Almost a year on from first reports of Covid-19, the health of the world’s population remains headline news. The pandemic has seen to it that our collective health—in equal parts physical, mental and social well-being—has never been so important, or so tested.
While staying healthy is paramount, the business of wellness is met with more suspicion, and it is the industry’s own fault. Wellness has been hijacked by profiteers and marketers that have inundated us with healing crystals, kombucha shots, and vitamin IV drips. In contrast, ‘real’ wellbeing is the process of maintaining health by practicing good exercise, nutrition, sleep and social contact habits, and increasingly wireless technology is helping us achieve it.
According to the Global Wellness Institute (GWI), a non-profit organization promoting wellness research and education, despite concerns over privacy, people are progressively using devices to manage their personal wellbeing, including monitoring diets, sleep patterns or emotional health, as well as managing exercise. Consumers are also accepting wellness like never before.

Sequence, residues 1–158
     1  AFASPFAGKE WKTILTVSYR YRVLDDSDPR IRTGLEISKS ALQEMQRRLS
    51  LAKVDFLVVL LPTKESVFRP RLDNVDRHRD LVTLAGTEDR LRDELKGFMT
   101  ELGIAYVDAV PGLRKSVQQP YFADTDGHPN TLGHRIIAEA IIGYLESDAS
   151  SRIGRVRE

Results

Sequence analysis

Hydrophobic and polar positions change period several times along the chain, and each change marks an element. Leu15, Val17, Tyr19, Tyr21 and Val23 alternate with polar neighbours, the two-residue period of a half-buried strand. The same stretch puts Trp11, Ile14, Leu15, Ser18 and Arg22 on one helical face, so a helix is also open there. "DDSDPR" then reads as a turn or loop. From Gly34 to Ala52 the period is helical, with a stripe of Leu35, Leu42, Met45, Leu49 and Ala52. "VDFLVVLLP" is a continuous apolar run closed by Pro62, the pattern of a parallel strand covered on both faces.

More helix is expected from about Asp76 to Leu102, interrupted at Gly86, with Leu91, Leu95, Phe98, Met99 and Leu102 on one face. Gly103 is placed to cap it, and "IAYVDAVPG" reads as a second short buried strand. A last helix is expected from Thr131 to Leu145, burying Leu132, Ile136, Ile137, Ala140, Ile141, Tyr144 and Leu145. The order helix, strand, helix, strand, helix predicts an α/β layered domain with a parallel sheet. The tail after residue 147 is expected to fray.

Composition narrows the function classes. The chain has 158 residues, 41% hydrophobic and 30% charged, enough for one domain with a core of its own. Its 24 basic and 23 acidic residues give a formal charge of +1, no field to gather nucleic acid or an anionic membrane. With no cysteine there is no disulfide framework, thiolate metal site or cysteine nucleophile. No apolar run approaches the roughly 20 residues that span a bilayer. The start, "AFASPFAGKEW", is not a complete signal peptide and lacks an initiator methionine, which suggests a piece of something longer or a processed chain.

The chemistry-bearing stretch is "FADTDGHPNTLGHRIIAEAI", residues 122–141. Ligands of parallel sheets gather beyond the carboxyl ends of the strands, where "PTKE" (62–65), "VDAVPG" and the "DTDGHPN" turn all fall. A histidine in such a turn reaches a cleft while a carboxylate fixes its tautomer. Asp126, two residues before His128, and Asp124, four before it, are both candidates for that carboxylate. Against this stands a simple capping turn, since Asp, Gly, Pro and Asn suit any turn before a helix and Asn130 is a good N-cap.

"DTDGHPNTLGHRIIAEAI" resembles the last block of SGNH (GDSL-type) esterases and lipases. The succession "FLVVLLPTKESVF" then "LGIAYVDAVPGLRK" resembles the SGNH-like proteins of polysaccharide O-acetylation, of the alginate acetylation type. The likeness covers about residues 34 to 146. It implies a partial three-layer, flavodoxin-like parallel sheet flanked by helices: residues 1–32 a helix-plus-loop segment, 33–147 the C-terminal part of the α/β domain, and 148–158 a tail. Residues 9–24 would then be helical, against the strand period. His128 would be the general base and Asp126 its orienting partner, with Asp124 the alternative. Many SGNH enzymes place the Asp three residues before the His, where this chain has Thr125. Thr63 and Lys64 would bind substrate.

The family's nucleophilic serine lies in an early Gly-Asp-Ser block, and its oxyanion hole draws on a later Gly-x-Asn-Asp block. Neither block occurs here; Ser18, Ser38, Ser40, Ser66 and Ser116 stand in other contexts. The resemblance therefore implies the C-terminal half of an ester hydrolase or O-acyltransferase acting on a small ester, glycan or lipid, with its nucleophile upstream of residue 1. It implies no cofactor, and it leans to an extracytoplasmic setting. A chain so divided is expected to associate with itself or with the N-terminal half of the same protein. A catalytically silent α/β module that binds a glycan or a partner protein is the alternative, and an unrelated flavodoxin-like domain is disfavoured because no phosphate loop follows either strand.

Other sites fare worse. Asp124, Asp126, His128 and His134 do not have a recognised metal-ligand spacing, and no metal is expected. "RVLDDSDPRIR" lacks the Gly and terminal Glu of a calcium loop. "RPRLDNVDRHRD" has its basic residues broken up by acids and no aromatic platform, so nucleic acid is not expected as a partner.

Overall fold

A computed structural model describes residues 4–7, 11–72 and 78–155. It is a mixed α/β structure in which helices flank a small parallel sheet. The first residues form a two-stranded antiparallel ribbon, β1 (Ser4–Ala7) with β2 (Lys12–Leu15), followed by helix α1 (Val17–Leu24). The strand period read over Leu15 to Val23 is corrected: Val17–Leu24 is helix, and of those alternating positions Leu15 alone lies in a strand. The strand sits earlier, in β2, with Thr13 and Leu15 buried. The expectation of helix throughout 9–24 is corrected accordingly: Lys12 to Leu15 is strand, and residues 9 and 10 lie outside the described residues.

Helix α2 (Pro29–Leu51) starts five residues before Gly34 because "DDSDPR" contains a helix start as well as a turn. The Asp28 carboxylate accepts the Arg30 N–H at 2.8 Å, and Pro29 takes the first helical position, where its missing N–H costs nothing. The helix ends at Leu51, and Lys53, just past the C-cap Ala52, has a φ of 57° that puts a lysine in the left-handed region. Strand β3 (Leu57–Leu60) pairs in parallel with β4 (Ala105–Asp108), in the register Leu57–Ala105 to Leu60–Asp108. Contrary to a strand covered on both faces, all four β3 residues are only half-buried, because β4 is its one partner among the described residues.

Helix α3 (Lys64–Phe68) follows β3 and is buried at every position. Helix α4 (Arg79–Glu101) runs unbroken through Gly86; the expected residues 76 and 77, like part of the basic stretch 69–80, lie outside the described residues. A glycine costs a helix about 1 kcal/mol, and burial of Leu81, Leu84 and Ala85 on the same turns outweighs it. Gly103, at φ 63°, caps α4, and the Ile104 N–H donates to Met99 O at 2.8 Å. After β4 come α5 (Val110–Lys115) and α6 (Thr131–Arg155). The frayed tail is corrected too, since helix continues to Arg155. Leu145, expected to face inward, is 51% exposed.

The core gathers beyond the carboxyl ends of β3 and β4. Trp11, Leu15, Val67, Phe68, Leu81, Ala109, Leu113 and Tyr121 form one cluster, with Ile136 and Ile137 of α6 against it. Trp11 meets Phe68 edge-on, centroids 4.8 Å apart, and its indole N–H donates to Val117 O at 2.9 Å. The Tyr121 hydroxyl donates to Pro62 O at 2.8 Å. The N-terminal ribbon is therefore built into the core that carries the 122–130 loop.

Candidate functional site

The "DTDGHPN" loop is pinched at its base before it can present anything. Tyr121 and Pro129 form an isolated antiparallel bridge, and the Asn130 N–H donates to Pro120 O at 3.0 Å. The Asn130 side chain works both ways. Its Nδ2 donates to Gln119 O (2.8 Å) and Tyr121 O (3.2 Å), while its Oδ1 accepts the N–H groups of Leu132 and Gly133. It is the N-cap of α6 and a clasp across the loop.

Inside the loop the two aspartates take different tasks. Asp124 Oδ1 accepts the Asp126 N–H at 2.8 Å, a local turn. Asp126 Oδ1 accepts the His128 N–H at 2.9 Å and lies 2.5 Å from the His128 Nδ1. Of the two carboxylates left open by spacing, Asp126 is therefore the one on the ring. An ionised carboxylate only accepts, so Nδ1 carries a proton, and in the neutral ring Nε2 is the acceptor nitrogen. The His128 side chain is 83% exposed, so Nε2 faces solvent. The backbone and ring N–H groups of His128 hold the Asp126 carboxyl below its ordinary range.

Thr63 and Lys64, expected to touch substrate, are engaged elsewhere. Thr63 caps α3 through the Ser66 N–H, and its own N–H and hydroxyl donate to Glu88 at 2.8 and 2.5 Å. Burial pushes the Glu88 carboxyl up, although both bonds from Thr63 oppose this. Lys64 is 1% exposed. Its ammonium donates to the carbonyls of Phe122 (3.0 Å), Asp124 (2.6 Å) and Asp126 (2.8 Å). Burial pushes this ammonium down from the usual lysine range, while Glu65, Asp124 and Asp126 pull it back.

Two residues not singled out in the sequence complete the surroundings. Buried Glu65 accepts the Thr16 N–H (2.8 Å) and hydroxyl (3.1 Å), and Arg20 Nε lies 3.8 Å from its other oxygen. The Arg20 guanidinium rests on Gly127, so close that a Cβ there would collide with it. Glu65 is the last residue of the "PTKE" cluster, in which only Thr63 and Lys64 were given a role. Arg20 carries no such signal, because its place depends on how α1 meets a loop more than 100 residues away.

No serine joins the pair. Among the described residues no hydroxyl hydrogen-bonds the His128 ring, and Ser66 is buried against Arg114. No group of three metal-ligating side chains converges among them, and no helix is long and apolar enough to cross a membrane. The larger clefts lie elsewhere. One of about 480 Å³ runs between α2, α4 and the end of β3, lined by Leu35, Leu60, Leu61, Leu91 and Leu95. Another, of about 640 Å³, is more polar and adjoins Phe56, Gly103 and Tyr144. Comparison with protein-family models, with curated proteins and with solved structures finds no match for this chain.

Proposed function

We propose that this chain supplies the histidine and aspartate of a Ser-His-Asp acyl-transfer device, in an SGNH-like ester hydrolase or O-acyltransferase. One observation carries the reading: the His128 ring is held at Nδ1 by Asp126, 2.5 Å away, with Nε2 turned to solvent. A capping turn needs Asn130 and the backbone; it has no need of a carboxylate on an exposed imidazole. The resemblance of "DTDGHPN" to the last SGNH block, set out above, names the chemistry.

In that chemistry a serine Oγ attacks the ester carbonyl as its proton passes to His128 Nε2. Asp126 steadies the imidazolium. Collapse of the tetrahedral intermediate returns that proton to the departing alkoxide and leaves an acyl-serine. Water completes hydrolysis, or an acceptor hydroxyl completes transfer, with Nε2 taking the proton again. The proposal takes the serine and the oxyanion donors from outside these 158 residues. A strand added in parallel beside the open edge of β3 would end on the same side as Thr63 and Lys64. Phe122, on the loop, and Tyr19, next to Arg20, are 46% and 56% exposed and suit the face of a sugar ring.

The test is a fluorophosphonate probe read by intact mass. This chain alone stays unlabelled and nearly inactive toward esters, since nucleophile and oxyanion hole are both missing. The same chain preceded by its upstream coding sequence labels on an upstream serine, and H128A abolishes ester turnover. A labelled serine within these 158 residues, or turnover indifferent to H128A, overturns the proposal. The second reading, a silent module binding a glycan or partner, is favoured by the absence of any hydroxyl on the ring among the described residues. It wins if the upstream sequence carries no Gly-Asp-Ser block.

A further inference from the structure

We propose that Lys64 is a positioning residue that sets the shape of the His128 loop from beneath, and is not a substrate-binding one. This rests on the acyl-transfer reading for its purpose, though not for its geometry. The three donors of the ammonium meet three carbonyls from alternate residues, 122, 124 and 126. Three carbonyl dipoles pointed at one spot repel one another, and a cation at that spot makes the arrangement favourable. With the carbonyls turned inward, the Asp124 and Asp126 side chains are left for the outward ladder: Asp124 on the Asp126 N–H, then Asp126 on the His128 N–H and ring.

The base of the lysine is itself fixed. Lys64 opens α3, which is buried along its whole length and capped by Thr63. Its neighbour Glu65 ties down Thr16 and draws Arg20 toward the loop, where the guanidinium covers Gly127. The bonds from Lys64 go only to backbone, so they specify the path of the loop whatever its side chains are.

“A profound shift in the way people consume wellness is underway: once a luxury … it’s now being infused into every aspect of daily life,” says Katherine Johnston, Senior Research Fellow, GWI. “And the spend on proactive healthy choices—on wellness—will continue to comprise a greater percentage of massive multi-trillion industries.” Of which, of course, the tech sector is one.
Wearable tech, a technology barely 10 years old, is now huge business. According to consumer data firm Statista, the number of connected wearable devices worldwide more than doubled in the three years between 2016 and 2019, increasing from 325 million to 722 million. By 2022, that number is expected to pass one billion.
As demand for personalized wearable wellness has dramatically increased, so to has the sophistication of these devices. Counting steps is all well and good, but people now want solutions that not only monitor their activity levels, but also